1989 saw the release of Advanced Dungeons & Dragons, 2nd Edition, the first revision of the AD&D line. The origins of 2e are multifarious. Gary Gygax, while still at TSR, indicated his intention to produce a new edition of the game, but he never had the opportunity to do so. He was ousted from the company in 1985 and shepherding the new edition fell to David "Zeb" Cook, who'd been at TSR for many years and had produced numerous classic adventures, such as The Isle of Dread (with Tom Moldvay) and Dwellers of the Forbidden City. By some accounts, 2e was published in order to sever the link between Gygax and D&D, much in the way that 1e itself may have been published in order to sever the link between Dave Arneson and D&D.
In any case, 2e was intended primarily to be a clean-up and rationalization of the original AD&D books. There was no apparent mandate that it be innovative and Cook worked hard by all accounts to make the new edition backward compatible with the previous one. By my lights, he largely succeeded on this score, although the incorporation of non-weapon proficiencies was a poor design decision, as was the elimination of classes such as the assassin and the monk and began the transformation of the thief into the rogue that would be finalized in 3e. Still, 2e, for all the little tweaks and changes it introduced, was, at least as presented in the Player's Handbook (the first time the apostrophe is used in the title, incidentally), about 80% identical to 1e, perhaps even more. One could easily pick up a 1e module or supplement and use it with 2e without the need for mechanical conversion.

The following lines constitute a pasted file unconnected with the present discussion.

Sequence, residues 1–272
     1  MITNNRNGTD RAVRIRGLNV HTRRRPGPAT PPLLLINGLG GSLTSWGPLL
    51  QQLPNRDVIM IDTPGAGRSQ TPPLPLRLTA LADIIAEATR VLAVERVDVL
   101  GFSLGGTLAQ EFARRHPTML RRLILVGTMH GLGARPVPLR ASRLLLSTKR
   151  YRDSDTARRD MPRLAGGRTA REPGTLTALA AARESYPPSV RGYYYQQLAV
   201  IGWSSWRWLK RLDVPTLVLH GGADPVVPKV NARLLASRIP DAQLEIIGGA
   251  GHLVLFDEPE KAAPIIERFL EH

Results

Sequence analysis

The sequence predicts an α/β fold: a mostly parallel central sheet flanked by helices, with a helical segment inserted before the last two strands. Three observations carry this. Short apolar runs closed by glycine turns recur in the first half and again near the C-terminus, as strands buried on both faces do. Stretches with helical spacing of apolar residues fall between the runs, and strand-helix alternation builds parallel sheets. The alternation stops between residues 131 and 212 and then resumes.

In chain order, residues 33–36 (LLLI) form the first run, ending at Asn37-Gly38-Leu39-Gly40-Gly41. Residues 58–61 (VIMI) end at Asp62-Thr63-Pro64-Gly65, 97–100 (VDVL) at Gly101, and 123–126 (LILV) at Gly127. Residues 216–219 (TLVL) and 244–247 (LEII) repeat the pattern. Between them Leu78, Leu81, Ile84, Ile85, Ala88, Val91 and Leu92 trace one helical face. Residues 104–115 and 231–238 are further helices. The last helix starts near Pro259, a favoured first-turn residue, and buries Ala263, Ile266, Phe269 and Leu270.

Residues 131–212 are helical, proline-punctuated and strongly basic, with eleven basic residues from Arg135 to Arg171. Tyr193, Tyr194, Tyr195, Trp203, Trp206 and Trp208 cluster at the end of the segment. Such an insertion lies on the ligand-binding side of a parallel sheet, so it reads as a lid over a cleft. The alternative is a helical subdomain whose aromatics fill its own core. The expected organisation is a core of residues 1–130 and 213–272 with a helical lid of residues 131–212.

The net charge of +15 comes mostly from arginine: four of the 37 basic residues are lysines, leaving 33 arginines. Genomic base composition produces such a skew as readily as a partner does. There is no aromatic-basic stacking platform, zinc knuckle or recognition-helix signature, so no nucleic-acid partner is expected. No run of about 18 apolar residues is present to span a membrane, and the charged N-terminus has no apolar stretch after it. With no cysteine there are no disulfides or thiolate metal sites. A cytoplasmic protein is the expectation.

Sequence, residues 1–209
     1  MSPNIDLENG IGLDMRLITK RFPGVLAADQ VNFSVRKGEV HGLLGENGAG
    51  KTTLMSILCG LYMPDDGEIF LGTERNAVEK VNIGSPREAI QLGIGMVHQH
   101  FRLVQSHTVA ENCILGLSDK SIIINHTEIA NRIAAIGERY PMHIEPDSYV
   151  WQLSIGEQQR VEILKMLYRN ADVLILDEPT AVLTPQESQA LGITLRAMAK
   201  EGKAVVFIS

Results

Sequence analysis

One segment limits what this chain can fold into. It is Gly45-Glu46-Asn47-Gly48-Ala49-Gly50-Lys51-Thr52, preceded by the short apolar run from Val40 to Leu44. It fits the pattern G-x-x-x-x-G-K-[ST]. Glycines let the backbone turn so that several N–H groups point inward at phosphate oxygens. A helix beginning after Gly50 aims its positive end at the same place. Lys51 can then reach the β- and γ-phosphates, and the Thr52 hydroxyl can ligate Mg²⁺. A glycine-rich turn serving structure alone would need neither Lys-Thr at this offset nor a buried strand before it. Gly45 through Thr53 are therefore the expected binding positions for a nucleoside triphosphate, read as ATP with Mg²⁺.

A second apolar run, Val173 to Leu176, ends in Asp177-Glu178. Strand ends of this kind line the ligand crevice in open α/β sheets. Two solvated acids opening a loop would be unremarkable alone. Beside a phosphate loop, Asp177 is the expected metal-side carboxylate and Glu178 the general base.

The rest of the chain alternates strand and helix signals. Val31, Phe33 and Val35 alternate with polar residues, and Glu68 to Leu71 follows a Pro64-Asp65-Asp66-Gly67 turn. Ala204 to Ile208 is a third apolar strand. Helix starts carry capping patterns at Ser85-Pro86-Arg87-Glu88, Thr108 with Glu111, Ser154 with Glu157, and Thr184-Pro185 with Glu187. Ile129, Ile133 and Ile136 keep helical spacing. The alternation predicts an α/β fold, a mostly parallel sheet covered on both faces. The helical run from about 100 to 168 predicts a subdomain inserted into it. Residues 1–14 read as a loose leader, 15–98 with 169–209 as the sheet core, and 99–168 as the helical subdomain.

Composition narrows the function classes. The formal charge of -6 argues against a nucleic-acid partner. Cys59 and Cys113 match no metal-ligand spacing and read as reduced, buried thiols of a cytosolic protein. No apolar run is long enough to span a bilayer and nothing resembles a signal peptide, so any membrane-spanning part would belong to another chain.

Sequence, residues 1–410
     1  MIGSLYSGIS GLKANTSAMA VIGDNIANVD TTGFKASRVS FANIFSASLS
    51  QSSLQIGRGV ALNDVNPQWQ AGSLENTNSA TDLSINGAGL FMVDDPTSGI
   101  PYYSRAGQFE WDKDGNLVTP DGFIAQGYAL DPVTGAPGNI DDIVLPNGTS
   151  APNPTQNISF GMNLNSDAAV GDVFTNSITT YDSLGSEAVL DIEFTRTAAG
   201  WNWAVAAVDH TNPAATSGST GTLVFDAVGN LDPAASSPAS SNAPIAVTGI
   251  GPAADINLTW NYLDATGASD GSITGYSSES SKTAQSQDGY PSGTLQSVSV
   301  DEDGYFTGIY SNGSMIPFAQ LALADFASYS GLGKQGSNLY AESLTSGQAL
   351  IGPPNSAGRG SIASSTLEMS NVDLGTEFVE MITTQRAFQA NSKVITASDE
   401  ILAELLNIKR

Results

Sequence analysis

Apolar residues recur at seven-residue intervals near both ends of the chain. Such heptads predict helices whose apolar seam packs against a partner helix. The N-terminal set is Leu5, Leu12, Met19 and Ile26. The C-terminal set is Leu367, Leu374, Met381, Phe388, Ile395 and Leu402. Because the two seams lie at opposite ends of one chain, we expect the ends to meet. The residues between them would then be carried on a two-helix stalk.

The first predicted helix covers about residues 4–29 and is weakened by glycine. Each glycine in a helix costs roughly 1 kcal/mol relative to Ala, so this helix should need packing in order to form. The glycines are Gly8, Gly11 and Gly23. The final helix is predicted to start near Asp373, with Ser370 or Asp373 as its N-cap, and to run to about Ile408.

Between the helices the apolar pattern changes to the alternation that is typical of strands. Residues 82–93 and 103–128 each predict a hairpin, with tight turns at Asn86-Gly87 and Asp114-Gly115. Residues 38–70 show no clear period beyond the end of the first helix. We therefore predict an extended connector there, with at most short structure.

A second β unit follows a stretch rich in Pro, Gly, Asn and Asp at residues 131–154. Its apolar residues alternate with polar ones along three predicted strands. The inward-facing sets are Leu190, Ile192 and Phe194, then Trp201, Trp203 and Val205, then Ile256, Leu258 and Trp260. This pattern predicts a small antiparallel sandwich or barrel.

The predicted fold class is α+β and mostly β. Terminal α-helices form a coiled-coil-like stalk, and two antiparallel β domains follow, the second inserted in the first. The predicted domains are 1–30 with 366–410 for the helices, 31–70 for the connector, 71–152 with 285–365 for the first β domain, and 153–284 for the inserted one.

In terms of feel, though, 2e was far removed from 1e, as is evidenced by the cover of the Player's Handbook, shown here:
The cover illustration is by Jeff Easley, the same artist who did the revision of the 1e PHB. The same logo is used, this time with the addition of the words "2nd Edition" and without the word "official" at the front.
Unlike the 1e revision cover, this cover has context, albeit a vague one. The heroic rider -- a warrior or knight of some sort -- is galloping astride his equally heroic steed through a canyon or mountain pass, followed by at least two companions, also on horseback. The overall thrust of the piece is dynamic; it's definitely not a static pose, but it is a pose nonetheless. The rider is looking directly at the viewer and he's holding his sword aloft, despite the lack of an obvious opponent. His companions are doing the same. Were they more clearly heading into battle, the presence of their swords wouldn't bother me so much, but seeing as they are traversing some rough terrain while mounted, one would think it more prudent to have both of their hands on the reins. The riders are attired in mostly plausible gear, although the focus character has a ridiculously winged helm. Again, the piece has at least a toehold in the past while pointing toward the future.
In many ways, I find this cover even more unsatisfactory than the 1e revision cover, which at least showed a wizard engaged in magical combat. The 2e cover says nothing about what D&D is about except in the most generic sense: it's a game of heroic sword-wielding guys boldly going off somewhere. I give it credit for illustrating more than one figure; D&D is, after all, about parties of adventurers, not lone wolves. But, overall, the cover simply conveys nothing at all. It has no flavor or feel. Indeed, I'd go so far as to say it is bland, evoking neither the grim and gritty sword & sorcery world of Trampier nor presaging the frenetic "wall of action" we see in the art of Wayne Reynolds.
Quite simply, this is a terrible cover and its flaws suggest to me a game that is unclear about its origins or purpose and that owes its existence to something other than creative expression.